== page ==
The non-tariff insurers issue third party insurance policies and certificates to motorists sometimes in an utter violation of law. Usually, the insurance certificate and policies being issued to insured are without stamp duty. Even, the forged stamps are used by the unscrupulous insurance companies through their agents. These insurers do not have reinsurance arrangements. To underestimate low premium, mode of payment is kept intentionally in cash. Agents and representatives of these insurers were found involved in fabricating and issuing fake polices on companies' behalf. They printed illegally insurance policies and certificates. A former manager of Cooperative Insurance Society of Pakistan Ltd. told that a book containing 50 insurance certificates are obtained against Rs.500. He said such kind of companies-none of them belongs to Karachi-having on-paper head office could get a handsome amount in return of stationery sale-out. He said minting of fake currency note surely blows you off, but printing of forged documents gets you scot-free.
Zonal Manager of Asian Mutual Insurance Company, Tahir Hussain showed copies of recently purchased forged policies. He said if we didn't buy, they could have affected customer base and their market share. When inquired about whether the matter reported to government's officials or regulatory body, he dismayed that SECP had been informed every now and then but no action was taken against such elements. The muggers have become so courageous in taking illegal operations that they shrug off laws knowingly.
Some companies claimed to be non-operational in the business of third party insurance, but these so-called closed companies were supplying their stationeries to different agents in a redundant attempt to violate laws openly. Moreover, some companies are involved in issuing unrecorded certificates causing significant loss to government in terms of taxes and duties such as federal insurance fee, central excise duty, stamp duty, and income tax. It is afraid that these companies could not defray claim payment when required. One even confided, "Within last five years, not a single claim has been cleared." On the contrary, Tahir told that claims were paid. He affirmed, however, numbers of lodging claims were abysmally few.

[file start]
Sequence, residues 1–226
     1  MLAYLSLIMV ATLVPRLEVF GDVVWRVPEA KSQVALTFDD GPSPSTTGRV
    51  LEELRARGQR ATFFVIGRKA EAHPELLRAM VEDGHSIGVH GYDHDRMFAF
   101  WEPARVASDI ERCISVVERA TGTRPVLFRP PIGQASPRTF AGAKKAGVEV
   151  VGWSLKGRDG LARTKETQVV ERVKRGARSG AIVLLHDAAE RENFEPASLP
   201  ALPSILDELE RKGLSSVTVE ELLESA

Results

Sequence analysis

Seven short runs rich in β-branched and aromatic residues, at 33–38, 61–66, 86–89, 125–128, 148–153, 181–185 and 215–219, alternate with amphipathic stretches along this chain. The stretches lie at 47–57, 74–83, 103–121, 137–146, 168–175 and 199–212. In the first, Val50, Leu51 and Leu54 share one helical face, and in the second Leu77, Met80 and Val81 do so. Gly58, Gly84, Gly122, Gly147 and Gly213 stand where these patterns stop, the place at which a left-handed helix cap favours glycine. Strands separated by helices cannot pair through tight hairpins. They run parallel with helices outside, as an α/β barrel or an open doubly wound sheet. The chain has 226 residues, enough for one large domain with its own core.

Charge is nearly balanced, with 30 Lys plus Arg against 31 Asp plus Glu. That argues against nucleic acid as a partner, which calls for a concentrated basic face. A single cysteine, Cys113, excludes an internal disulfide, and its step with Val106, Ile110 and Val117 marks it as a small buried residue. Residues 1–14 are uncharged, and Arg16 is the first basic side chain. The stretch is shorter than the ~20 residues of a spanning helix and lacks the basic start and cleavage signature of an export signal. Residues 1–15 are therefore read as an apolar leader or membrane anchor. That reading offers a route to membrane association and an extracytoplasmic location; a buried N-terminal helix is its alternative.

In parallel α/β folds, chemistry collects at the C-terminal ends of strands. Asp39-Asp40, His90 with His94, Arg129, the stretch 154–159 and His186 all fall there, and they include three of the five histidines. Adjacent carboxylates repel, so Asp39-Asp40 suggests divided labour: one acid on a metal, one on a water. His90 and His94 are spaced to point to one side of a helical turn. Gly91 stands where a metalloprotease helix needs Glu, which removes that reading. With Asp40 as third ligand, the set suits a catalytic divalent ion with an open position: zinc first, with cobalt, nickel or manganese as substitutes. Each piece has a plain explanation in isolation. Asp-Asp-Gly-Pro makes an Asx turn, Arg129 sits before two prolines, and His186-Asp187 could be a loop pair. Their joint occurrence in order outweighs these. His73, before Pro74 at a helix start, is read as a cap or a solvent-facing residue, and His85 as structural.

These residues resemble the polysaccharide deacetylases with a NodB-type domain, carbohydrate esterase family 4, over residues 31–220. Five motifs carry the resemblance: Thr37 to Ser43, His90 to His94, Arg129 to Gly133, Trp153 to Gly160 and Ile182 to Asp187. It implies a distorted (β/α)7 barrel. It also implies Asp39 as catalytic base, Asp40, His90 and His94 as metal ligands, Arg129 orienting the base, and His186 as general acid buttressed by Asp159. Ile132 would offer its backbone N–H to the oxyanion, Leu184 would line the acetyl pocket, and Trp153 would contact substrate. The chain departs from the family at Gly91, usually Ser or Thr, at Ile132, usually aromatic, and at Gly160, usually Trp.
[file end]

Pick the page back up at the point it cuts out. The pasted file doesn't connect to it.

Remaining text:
Given the circumstances, general and life insurance becomes as necessary as motor third party insurance to curtail the prospective risk for a person in case of unexpected uncertainty. The automobile sector has grown to the extent of optimum and roads usage is increasing day by day. It is sign for making plans to anticipate future happenings. One can not defeat the nature and calamity, yet, it is wisdom to defend oneself from uprising dooms. This could be possible to anticipate ways to be used in the wake of crisis. In the month of March this year, 856 total number of accidents occurred in Pakistan. Fatal were 364 and non-fatal were 492. The death toll due to these accidents was recorded as 432. Injured were 936. And, 926 vehicles were involved in these accidents. The data on road traffic accidents relate to road accidents only. Railway accidents, air-crashes, electrocutions, etc. are not included. Fatal accidents refer to those where the death occurred on the spot or where the victim succumbed to injuries later on. Non-fatal accidents refer to those in which no person was killed but one or more persons were seriously or slightly injured or property damaged. The number of vehicles in Pakistan has swelled in recent years-from 680,000 in 1980 to 5 million in 2003. Beneficiary can get the compensation of loss of property and casualty in the event of an accident, but third person affected may remain at disadvantage end. Therefore, third party insurance concept was conceived to indemnify the risk of third party involved in the accident. Sarcastically, the amount with which indemnification secure a person-sometimes more than one claimant-would not ensure a quality hospitalization, let alone a property return.
It is clearly mentioned in the insurance policy that the limit of company's liability is Rs.20,000. Even after, promulgation of Insurance Ordinance, 2000, section of the Motor Vehicle Act 1939 intact, which says: It is held that statutory liability of insurance company under the Act is to be limited to Rs. 20,000 only for each accident. Same vehicle involved in more than one fatal accident on one date then liability in respect of each one such accident would be separately to extent of Rs. 20,000. Contention that liability of Insurance Company was unlimited cannot be accepted in absence of such liability on part of Insurance Company.